Review of Stand Up! by Gordon Whitman
Unlock Democracy's Campaigns Officer, Sam, is always keen to keep on top on the latest innovations in campaigning. So after reading a new book called Stand Up! he wanted to share its insights with you.
Gordon Whitman is an experienced organiser within faith communities in the US. As well as reflecting on his own powerful experiences and practical lessons learned the hard way, this serves as a great literature review of social movement researchers. From Alinsky, the famous author of Rules for radicals which influenced Barack Obama, to Marshal Ganz, perhaps the most celebrated community organiser alive. This is a whistle stop tour of campaigning wisdom crammed into a short volume.
But what really struck me about the book is how human it is, how it encourages us to use our emotions to propel our campaigning, and draws many lessons from faith that are universally applicable (and I say that as an atheist). Other guides on how to organise communities or build social movements too often focus on the utilitarian, or how to get the right emotional reaction from your audience. But Whitman asks us to have 5 conversations for social change– the first starting with ourselves.
The second ‘conversation’ is with other people – using stories to build strong relationships. Whitman tells us that learning how to tell our own ‘story of self’, what brought us into campaigning is as important as making space to ask people about their journey. He also stresses the importance channeling emotionally powerful memories to effectively tell these stories in the present.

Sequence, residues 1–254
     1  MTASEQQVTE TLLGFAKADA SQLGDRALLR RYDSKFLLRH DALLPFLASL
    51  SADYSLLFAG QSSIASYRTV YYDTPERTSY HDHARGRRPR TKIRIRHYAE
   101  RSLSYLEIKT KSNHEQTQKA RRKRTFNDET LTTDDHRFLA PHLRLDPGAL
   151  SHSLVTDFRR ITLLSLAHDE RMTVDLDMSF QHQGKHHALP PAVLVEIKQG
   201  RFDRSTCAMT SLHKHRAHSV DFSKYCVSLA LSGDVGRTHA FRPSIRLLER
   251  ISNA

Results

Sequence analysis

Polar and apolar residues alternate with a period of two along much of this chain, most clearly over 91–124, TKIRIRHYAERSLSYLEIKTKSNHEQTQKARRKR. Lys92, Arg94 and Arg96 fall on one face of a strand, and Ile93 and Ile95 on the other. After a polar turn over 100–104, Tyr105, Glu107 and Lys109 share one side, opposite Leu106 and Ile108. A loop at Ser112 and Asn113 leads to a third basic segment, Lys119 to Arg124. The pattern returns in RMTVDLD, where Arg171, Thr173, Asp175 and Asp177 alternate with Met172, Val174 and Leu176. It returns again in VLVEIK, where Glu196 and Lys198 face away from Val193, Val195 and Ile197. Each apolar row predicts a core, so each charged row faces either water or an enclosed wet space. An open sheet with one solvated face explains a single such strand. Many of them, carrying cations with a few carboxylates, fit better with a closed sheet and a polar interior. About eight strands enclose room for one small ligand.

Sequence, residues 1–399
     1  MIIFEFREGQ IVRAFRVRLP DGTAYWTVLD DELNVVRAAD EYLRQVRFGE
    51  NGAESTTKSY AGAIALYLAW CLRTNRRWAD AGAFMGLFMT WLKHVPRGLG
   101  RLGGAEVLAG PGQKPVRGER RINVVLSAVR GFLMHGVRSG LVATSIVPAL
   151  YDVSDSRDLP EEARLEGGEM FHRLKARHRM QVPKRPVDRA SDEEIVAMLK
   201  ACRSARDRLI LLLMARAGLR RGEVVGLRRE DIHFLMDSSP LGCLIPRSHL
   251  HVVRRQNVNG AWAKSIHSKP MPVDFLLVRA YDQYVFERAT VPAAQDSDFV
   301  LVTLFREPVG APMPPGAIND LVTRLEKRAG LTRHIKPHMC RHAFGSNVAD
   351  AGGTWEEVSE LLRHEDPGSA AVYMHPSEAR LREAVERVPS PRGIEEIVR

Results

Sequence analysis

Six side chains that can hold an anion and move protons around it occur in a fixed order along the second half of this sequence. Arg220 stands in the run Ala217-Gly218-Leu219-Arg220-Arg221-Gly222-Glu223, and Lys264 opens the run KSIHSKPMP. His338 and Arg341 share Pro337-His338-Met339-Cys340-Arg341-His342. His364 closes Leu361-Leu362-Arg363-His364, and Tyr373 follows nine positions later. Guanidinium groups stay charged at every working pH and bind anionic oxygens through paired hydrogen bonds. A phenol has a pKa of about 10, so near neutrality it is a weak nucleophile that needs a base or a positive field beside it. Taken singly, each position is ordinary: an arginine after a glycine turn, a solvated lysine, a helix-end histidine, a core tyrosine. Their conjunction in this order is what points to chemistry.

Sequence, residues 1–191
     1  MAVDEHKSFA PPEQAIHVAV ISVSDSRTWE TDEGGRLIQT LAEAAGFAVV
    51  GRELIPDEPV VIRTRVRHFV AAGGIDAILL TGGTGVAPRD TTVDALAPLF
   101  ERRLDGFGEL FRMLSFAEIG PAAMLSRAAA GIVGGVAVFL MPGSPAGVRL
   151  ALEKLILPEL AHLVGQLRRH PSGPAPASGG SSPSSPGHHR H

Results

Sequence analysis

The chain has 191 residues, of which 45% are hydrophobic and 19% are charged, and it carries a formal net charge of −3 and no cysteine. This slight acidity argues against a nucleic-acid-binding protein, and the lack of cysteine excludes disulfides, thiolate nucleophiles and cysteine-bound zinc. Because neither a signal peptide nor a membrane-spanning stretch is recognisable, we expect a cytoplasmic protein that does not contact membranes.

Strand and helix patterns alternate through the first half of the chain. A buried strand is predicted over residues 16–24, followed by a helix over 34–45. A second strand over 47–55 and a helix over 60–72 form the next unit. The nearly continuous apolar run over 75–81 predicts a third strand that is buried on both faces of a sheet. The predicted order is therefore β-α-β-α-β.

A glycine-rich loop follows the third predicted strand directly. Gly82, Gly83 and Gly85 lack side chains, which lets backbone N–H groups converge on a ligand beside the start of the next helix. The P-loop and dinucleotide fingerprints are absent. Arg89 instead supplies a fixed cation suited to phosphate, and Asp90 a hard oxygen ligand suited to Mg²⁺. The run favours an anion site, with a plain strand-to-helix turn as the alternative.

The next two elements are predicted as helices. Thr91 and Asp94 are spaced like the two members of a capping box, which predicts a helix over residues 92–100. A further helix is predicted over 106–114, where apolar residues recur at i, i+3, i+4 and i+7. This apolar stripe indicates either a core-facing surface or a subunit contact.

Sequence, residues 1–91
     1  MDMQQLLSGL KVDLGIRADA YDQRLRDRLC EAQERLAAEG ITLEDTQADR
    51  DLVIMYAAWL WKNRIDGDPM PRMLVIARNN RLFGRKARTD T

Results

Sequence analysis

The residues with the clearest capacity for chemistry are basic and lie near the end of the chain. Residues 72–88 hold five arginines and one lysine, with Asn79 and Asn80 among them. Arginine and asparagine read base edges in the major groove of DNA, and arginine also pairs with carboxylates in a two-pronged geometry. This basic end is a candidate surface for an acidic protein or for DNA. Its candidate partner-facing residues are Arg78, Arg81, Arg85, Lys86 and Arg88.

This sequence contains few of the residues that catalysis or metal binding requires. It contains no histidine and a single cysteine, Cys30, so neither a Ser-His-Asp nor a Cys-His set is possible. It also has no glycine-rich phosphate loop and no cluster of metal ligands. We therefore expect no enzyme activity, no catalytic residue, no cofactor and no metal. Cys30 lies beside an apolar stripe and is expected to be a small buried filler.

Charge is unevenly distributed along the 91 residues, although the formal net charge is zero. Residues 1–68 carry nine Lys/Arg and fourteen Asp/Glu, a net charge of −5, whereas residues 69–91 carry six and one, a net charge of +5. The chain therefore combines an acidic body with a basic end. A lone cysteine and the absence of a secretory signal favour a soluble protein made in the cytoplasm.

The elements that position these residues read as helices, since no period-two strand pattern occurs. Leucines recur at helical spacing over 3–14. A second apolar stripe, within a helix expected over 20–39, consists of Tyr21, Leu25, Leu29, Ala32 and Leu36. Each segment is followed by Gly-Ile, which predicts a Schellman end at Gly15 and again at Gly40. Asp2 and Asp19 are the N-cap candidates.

The third conversation is about finding a ‘home team’ to campaign for change. Whitman argues that building tight knit small local groups is the most effective way to campaign for change. How else can you deal with the stresses of a difficult stage of a campaign, than by the nurturing friendships of other people in your team?
The fourth conversation is with the rest of society – and the need to be consistently ‘knocking on other people’s doors’, inviting them in to campaigning for change. Whitman stresses too that building a movement is as much about building relationships with already organised communities, like churches or neighbourhood groups, not just finding new individuals to get involved.
The final conversation is with ‘power’ itself. Whitman talks about when people sit around the table with politicians or powerful people for the first time, fear recedes and their commitment to keeping on going grows, as they can put a face to the people holding the cards.
Speaking from the heart, this book probes the deepest roots of why working to change the world is important to us, and letting that meaning drive your life. That way, when hope is in short supply, you can carry on, because you haven’t got any doubt that you’re living your life the right way by doing the campaigning work you do.
Whether you’re new to campaigning and want to know how to get started, or a veteran unsure how to dedicate your time in the current unpredictable political world, this book is a must read.